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Technological institute of the philippines 363 p.

casal st; quiapo, manila

Safety in the process industry "Hazards Analysis for Critical Control Points (HACCP)")

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Submitted By: Nicolas, Kaye Rose C. 0910676 Submitted To:

Engr. Lina Dela Cruz

August 22, 2013 What is HACCP? Hazard Analysis and Critical Control Point (HACCP) has been defined by the World Health Organization as a scientific, rational and systematic approach for the identification, assessment and control of hazards. Originally developed to focus on food safety hazards, the HACCP system has been successfully applied to other applications and other industries. The Hazard Analysis and Critical Control Point (HACCP) system describes a preventative process to reduce the risk of food borne illness through proper food handling, monitoring of procedures, and record keeping. HACCP is a food safety system that focuses on food. A food safety system should focus on controlling five risk factors. The risk factors are foods from unsafe sources, poor personal hygiene, inadequate cooking, improper holding temperature, and contaminated equipment. Because the approach enforces procedural governance and rigorous documentation practices, HACCP serves not only as a model to assess risk, but also as an effective means to communicate risk control. HACCP System Is focused on safety hazards typical safety hazards include biological, chemical or physical agents or operations that could lead to illness or injury if not controlled Typically, includes an entire process (e.g., for pharmaceutical manufacturing, it typically encompasses raw material receipt through distribution to the consumer); Is implemented through a plan that details the initial analysis and the on-going monitoring and review. The Plan is a living system; not a one-time assessment; Generates a HACCP Control Chart listing the potential hazards, preventive measures, critical limits, monitoring systems and corrective actions associated with each Critical Control Point. HACCP Principles The HACCP system consists of the following seven principles: 1. Identify Potential Hazards (Hazard Analysis) The purpose of the Hazard Analysis is to systematically identify and list all potential hazards at each step of processing. The Hazard Analysis is also used to determine which potential hazards are significant that is which hazards if not controlled are likely to impact on public health and safety.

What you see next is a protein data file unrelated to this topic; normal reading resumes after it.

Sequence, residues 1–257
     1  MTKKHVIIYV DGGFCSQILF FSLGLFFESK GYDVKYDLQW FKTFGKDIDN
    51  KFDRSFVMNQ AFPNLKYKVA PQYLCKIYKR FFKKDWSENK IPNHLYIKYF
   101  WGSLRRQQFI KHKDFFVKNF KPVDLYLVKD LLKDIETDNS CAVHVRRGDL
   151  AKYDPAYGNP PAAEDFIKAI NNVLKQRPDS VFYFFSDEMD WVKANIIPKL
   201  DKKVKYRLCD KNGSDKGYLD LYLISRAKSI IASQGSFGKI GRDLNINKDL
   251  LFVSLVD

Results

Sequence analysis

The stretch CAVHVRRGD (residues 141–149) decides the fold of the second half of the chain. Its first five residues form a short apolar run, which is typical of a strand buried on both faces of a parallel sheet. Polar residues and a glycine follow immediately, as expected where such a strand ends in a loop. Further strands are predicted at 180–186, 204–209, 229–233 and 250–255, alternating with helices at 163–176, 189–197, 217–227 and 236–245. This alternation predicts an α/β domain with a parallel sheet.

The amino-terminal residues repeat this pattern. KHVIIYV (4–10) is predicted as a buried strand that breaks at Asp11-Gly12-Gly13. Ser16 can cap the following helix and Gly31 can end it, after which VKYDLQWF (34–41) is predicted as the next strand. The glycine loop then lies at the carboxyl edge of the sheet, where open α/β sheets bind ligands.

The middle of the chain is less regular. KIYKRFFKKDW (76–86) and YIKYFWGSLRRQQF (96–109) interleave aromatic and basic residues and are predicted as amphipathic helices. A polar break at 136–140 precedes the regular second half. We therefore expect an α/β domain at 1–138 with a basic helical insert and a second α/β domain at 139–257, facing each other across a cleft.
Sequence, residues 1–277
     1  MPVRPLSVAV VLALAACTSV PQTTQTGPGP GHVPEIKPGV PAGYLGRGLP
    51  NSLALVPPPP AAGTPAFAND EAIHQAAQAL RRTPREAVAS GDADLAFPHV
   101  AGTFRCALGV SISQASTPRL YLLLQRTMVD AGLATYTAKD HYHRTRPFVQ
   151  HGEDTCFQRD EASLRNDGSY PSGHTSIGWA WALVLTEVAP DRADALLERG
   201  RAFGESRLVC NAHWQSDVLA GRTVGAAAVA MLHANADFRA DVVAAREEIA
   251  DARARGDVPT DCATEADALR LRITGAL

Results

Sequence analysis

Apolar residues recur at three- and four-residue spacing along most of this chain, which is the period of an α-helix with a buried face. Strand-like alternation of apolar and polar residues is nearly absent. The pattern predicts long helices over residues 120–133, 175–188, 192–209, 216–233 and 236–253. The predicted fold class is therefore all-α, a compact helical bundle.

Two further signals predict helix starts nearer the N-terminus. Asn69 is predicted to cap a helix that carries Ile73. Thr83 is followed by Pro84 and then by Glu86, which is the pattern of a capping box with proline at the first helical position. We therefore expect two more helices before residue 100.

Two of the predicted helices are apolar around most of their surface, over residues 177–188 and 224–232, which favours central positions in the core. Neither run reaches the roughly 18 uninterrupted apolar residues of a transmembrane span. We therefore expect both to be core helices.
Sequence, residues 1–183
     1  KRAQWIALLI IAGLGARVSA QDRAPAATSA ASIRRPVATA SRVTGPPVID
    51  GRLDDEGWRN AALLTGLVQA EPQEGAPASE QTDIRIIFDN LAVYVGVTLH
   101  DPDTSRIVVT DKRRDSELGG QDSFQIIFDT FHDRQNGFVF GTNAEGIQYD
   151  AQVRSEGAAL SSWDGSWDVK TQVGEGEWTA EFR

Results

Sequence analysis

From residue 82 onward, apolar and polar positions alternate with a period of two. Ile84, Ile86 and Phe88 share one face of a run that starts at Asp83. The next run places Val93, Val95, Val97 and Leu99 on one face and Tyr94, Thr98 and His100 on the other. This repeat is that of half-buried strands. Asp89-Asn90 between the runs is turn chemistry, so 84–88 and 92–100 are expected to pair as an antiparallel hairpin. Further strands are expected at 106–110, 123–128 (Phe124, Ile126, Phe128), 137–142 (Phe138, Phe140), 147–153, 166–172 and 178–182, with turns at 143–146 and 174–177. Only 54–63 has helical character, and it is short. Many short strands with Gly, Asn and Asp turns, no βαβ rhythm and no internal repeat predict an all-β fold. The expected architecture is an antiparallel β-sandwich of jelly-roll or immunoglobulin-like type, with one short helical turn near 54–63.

Step One of the Hazard Analysis is to list each of the steps involved in processing on a Hazard Analysis Table or Worksheet. Step Two is to list all the potential hazards that are not already controlled through Good Manufacturing Practices and procedures. 2. Determine the Critical Control Points (CCPs) A Critical Control Point (CCP) is defined as a factor, practice, procedure, process or location that can be controlled in order to prevent, control, eliminate or reduce a hazard, or minimize the likelihood of its occurrence. 3. Establish Critical Limits for each CCP A Critical Limit is the limit to which a hazard must be controlled to prevent, control, eliminate, or reduce the occurrence of the hazard to an acceptable level. Critical Limits should be measurable as once determined they need to be monitored to ensure that limits are met deviation from a Critical Limit may result in unsafe product or product that does not meet regulatory or importing country requirements. Critical limits for each CCP must be specified and you must be able to prove that the critical limit will control the hazard (validation). 4. Establish a Monitoring System for each CCP Monitoring of a Critical Control Point means conducting a planned sequence of observations or measurements to assess whether the Critical Control Point is under control. Measurements need to be completed ideally in-line during processing or as quickly as possible in order to determine whether a process is operating within the required Critical Limits. Monitoring should be based upon observation, sensory evaluation (e.g. smell), chemical measurements and physical measurements (e.g. taking temperatures). 5. Establish Corrective Actions Corrective actions are required when operations go outside of Critical Limits, which ensure the safety and suitability of fish or fish product. There are four aspects to corrective actions: 1. Identify and fix the problem. 2. Consider what to do with the non-conforming product. 3. Investigate what can be done to prevent the problem occurring again. 4. Record what action is taken to ensure the limits are maintained. The corrective action must ensure that the CCP has been brought under control. The action taken must also ensure the proper disposal of non-complying product when required. Specific corrective actions should be developed in advance and documented in the HACCP Plan. 6. Establish Verification Procedures Verification means applying methods, procedures, tests and other evaluations, in addition to monitoring, to determine whether a requirement is complied with. Verification procedures should be considered during the development and implementation of a HACCP system. 7. Establish Documentation and Record Keeping